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Guideline: 2019-02

Political Financing Handbook for Candidates and Official Agents

Comments made during consultation period of February 27 to April 12, 2019

Note: Buttons were added by Elections Canada to toggle from the comment (C) from the political party or the Commissioner of Canada Elections to the response (R) from Elections Canada, and vice versa.

Comments received from the Green Party of Canada

C1Would like more information on paying campaign workers for their travel and per diem, i.e. costs of travel to bring the workers to the riding and return them home after the election day and providing them a per diem for meals.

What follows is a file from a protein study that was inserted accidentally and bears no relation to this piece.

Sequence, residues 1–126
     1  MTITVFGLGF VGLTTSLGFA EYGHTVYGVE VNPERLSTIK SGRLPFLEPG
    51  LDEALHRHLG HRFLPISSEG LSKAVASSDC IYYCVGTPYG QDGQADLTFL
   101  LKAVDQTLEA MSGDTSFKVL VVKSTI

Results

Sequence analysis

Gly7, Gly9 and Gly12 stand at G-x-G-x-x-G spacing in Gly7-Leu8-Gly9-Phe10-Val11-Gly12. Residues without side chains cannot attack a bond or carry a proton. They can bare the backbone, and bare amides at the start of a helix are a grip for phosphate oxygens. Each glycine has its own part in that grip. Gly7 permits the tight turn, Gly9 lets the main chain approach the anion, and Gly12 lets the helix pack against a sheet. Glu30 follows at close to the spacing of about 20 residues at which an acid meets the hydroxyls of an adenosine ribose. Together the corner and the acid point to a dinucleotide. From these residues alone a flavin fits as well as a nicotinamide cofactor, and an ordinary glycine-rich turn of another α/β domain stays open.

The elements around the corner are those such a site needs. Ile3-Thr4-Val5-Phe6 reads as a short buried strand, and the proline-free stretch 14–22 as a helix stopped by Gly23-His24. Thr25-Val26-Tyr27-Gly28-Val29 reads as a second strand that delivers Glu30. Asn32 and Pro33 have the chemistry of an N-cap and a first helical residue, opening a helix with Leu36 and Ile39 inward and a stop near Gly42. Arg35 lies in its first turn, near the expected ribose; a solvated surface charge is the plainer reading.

Are the travel costs of bringing workers to a campaign rebateable? If yes, do the dates of the travel matter? (Before writ or after election day?)

Would providing workers a per diem count as an election expense available for rebate? For only days during the writ period?

Elections Canada response to the Green Party of Canada

R1As a general rule, a campaign worker's travel to and from the electoral district where the campaign is based is not a regulated expense (in the same way that a worker's travel to and from the office every day is not a regulated expense).

However, if the candidate's campaign is paying to relocate workers to the electoral district and return them home after the election, the travel costs incurred are other electoral campaign expenses—no matter when the travel occurs. They are not subject to the limit and are not eligible for reimbursement. This position is consistent with Elections Canada's current guidance on return trips of campaign workers after election day.

If the candidate's campaign pays per diems or lodging of campaign workers: